Prairie Park updates

The survey work as planned for the project has been completed. Researchers are assessing data to develop recommendations for recovery. We will visit the prairie again in late summer. We will continue to post further updates here, with the most recent the top.

June 20, 2024

Report #4: Nathaniel Weickert and Caleb Morse monitored the prairie over a three-day period (June 18–20) and noted a good persistence of species but definitely reduced cover of forbs (herbaceous flowering plants other than grasses). In sprayed areas, which were still identifiable, certain plants such as compass plant were more dense than usual. While there was more grass coverage overall than in the past—though unsprayed areas are less grassy—there was a persistence of species with a high coefficient of conservatism, those that indicate high-quality prairie. Several species of note were echinacea, bastard toadflax, prairie phlox and New Jersey tea; the latter two had recovered better than expected, given their appearance the previous year. Prairie violet also was present; this species has insect associations (regal fritillary butterflies feed on it). The presence of plants providing multiple food sources for pollinators is beneficial for insect diversity and general animal diversity. Researchers will compile and assess data to determine the needs of the site and make recommendations for recovery.

Sept. 27, 2023

Report #3: Researchers completed their last 2023 survey of the remnant prairie. They are compiling the data and doing preliminary analysis to see what the effect of the herbicide application has been on selected species and will return in early June 2024 to survey the recovery. At that time they will determine the needs of the site and make recommendations for recovery. The researchers appreciate the great support of the community and the staff at Prairie Park Nature Center and continue to hope for the best. See Sept. 27 photos.

July 28, 2023

Report #2: Researchers completed the second round of surveys. The effect of spraying on the landscape is still very noticeable, with a much more diverse and colorful assemblage of flowers present in the areas where the herbicide application was incomplete or absent. Many of the plants that we observed in May to be only damaged by the spray were still alive during this survey. Time will tell if these plants persist into the following year, but their continued presence on the landscape is a heartening sign. While it is still too early for us to draw any conclusions about the long-term effect this spraying event will have, we continue to be cautiously optimistic about the recovery of the plant community. See July 28 photos.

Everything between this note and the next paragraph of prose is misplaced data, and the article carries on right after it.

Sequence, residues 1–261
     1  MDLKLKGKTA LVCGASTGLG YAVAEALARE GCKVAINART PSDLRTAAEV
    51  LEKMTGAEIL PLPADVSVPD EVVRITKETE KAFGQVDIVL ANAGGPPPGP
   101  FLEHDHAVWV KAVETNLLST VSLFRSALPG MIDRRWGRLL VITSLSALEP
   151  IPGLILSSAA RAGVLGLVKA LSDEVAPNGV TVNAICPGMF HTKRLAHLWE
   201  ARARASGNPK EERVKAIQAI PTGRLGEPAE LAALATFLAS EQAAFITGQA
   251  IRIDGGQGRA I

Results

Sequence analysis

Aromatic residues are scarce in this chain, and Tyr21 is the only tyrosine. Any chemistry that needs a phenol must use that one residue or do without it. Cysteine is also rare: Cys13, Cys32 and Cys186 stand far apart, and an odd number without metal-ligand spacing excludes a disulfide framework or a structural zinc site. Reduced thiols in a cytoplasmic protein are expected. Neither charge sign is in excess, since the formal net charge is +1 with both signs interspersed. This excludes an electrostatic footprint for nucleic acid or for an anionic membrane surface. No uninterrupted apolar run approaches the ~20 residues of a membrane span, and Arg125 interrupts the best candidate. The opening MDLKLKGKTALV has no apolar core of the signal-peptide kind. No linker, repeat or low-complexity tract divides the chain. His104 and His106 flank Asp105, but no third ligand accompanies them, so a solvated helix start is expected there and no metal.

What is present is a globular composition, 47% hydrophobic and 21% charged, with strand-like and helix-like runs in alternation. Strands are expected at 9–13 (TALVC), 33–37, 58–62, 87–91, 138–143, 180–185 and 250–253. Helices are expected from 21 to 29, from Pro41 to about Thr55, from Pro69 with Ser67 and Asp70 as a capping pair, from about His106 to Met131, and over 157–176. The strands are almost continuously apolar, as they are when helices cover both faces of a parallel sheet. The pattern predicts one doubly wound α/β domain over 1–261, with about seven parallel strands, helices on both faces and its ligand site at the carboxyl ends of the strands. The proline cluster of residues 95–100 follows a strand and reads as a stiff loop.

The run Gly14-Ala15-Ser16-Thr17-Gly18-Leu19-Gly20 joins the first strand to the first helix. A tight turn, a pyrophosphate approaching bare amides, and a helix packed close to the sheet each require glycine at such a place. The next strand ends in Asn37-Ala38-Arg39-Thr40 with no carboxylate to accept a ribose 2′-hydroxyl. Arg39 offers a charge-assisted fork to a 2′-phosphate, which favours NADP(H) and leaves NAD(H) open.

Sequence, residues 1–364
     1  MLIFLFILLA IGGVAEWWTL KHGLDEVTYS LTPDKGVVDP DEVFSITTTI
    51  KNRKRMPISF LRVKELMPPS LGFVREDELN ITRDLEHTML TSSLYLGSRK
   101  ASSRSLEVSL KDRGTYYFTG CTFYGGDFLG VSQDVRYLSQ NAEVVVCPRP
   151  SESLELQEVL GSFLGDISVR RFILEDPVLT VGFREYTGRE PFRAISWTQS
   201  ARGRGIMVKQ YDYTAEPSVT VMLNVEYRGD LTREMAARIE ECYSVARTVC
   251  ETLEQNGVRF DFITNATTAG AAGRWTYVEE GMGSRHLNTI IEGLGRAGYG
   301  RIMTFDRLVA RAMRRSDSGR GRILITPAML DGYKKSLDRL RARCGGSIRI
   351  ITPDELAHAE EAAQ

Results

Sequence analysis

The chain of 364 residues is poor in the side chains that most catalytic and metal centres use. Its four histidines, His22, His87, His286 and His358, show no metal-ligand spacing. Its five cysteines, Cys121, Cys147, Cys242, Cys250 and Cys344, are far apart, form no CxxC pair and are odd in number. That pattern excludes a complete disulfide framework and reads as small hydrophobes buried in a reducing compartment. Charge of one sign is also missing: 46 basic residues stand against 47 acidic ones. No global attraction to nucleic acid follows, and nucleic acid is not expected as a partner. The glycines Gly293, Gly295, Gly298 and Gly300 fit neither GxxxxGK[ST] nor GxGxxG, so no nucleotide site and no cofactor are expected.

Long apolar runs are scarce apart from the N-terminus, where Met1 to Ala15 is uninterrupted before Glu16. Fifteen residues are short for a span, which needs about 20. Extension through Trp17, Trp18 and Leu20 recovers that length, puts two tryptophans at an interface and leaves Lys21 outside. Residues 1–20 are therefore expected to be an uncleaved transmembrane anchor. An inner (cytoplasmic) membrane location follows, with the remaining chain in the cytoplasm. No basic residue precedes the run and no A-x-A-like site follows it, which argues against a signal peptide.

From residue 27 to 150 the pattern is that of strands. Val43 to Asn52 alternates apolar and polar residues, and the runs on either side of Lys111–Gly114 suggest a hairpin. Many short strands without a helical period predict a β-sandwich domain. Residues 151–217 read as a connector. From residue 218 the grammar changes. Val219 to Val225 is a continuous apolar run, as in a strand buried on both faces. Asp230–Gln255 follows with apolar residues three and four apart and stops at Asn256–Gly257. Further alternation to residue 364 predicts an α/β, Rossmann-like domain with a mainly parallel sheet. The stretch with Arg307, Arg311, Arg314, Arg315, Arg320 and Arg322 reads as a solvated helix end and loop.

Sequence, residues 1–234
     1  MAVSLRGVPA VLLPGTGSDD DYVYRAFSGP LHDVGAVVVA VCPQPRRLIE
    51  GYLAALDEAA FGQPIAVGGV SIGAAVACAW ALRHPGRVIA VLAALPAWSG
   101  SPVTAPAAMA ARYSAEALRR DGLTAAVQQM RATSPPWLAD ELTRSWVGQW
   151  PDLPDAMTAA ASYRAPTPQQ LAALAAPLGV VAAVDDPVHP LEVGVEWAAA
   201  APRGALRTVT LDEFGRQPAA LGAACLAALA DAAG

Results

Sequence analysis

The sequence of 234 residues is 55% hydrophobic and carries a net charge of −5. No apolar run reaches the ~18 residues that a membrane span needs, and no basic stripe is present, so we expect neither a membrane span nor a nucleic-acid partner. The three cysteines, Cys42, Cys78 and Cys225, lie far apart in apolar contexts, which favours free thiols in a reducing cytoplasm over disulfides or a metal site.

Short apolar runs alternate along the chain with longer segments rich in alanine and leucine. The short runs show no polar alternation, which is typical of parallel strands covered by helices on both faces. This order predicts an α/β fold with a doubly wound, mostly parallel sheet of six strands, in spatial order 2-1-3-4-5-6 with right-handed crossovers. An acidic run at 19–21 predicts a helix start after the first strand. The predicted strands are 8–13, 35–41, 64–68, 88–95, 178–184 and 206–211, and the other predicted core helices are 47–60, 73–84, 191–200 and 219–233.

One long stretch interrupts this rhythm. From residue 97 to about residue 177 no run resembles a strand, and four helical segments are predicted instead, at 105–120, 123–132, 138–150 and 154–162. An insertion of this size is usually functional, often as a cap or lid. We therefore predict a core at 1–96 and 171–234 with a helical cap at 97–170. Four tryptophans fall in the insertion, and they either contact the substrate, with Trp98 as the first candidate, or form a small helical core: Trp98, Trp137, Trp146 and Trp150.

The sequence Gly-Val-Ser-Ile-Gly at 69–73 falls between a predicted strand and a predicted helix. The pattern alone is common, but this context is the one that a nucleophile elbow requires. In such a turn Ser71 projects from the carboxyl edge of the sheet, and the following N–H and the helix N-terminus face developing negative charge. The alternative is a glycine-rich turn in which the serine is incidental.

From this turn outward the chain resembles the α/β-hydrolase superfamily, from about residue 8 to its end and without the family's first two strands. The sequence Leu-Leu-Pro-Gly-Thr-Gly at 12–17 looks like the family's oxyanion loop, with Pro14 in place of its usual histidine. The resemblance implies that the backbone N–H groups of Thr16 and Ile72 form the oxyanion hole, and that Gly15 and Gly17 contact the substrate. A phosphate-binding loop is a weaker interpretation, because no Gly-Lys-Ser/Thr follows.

May 31, 2023

Report #1: Initial surveys of the Prairie Park Nature Center remnant have been completed. There were some observations of resprouting among our hardier prairie species, and several species seem to have only been lightly affected by the herbicide spraying. This, combined with incomplete coverage of the spraying at the site, gives us some hope for, at the very least, a partial recovery. However, at this time it is too early to draw any conclusions about the long-term effects of the spraying. We will return to sample in July and September this year and again next June, at which point we will be able to look at the recovery of the plant community and determine what measures are needed to assist the prairie in its recovery.

May 22, 2023

Initial overview: Researchers Sara Baer, Kelly Kindscher, Caleb Morse and Nathaniel Weickert met at the prairie remnant for baseline monitoring and to develop a plan for monitoring throughout the season. Morse very recently had developed a list of native and invasive species at the site; with minor revisions, this list will be used for monitoring the site following the spraying. See May 22 photos.